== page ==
Leviticus 17:13

Hebrew Bible

11 for the life of every living thing is in the blood. So I myself have assigned it to you on the altar to make atonement for your lives, for the blood makes atonement by means of the life. 12 Therefore, I have said to the Israelites: No person among you is to eat blood, and no resident foreigner who lives among you is to eat blood. 13 “‘Any man from the Israelites or from the resident foreigners who live in their midst who hunts a wild animal or a bird that may be eaten must pour out its blood and cover it with soil, 14 for the life of all flesh is its blood. So I have said to the Israelites: You must not eat the blood of any living thing because the life of every living thing is its blood—all who eat it will be cut off. 15 “‘Any person who eats an animal that has died of natural causes or an animal torn by beasts, whether a native citizen or a resident foreigner, must wash his clothes, bathe in water, and be unclean until evening; then he will be clean.

Ezekiel 24:7

Hebrew Bible

5 Take the choice bone of the flock, heap up wood under it; boil rapidly, and boil its bones in it. 6 “‘Therefore this is what the Sovereign Lord says: Woe to the city of bloodshed, the pot whose rot is in it, whose rot has not been removed from it! Empty it piece by piece. No lot has fallen on it. 7 For her blood was in it; she poured it on an exposed rock; she did not pour it on the ground to cover it up with dust. 8 To arouse anger, to take vengeance, I have placed her blood on an exposed rock so that it cannot be covered up. 9 “‘Therefore this is what the Sovereign Lord says: Woe to the city of bloodshed! I will also make the pile high.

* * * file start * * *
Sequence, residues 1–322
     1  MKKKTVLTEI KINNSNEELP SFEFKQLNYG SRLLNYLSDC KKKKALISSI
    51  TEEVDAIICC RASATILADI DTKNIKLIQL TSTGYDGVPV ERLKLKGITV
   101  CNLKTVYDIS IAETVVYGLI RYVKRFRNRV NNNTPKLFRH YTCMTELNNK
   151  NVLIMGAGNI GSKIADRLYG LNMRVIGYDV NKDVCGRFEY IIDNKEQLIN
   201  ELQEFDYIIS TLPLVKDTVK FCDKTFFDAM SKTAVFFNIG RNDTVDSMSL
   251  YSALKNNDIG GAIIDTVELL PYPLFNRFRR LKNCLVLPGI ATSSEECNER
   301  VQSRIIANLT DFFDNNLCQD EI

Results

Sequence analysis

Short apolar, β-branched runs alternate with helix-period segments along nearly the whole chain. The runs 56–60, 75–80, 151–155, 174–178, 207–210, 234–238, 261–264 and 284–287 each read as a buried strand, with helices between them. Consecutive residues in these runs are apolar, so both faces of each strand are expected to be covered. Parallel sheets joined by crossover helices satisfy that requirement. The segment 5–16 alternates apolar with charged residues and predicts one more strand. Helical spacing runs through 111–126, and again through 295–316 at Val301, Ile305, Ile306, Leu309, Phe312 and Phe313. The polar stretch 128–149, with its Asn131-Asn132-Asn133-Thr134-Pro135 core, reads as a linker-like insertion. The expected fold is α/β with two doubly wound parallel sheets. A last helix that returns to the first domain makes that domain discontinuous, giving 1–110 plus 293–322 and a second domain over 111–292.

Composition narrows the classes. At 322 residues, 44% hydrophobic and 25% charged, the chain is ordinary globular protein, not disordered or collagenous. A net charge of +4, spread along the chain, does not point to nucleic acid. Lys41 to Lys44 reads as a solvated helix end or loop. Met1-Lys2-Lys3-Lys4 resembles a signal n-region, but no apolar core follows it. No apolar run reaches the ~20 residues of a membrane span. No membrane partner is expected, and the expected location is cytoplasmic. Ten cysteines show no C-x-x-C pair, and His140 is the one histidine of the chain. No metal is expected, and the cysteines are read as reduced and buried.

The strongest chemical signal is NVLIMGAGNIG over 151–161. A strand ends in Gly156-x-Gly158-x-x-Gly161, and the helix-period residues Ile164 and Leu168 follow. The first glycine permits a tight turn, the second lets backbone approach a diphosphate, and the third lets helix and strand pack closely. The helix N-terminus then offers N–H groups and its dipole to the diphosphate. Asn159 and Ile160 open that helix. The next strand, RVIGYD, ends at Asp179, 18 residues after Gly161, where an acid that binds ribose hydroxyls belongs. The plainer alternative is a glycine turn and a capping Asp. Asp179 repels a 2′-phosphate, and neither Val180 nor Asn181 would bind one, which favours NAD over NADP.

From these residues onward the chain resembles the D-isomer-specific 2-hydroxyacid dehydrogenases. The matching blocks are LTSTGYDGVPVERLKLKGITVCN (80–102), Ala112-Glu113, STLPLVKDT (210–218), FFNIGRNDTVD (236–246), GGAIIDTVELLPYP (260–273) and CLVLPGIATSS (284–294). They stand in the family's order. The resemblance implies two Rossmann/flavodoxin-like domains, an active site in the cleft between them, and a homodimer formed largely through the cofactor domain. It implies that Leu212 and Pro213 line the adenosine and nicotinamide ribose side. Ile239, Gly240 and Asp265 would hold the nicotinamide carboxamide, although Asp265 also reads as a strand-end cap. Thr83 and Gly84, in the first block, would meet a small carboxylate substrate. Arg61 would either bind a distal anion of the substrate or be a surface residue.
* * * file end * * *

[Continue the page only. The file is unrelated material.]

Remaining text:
Notes and References

"... The notion that the blood must be spilled 'on the ground' is taken for granted is further corroborated by the fact that the expression 'sapak dam', if left un­qualified, implies murder (verse 4; Genesis 9:6; 37:22; Numbers 35:33; 1 Kings 2:31; Ezekiel 22:27); if it connotes licit killing, it must be followed by the preposition 'al (Deuteronomy 12:16; 1 Kings 18:28) or 'el (4:30, 34). Thus with the Hebrew and LXX, the apodosis option is preferred. The text then states that when the animal is brought down in the hunt, the hunter should see to it that all its blood is spilled on the ground and buried. This verse clearly lay before the prophet Ezekiel: 'For the blood (Jerusalem shed) is (still) in her; she set it on a bare rock; she did not pour it on the ground to cover it with earth' (Ezekiel 24:7). The prophet adroitly turns the theriocidal language and context of Leviticus into homicidal accusations against his people, enabling him to invoke the penalty­ - inexorable divine retribution. The illicit shedding of human blood pollutes the soil (Numbers 35:33-34; Ezekiel 36:17-18) so that it refuses to yield its fruit (Genesis 4:10-12; 2 Samuel 21:1) and, ultimately, vomits out its inhabitants (Leviticus 18:28) ..."

Milgrom, Jacob Leviticus 17-22: A New Translation with Introduction and Commentary (p. 1482) Doubleday, 2000

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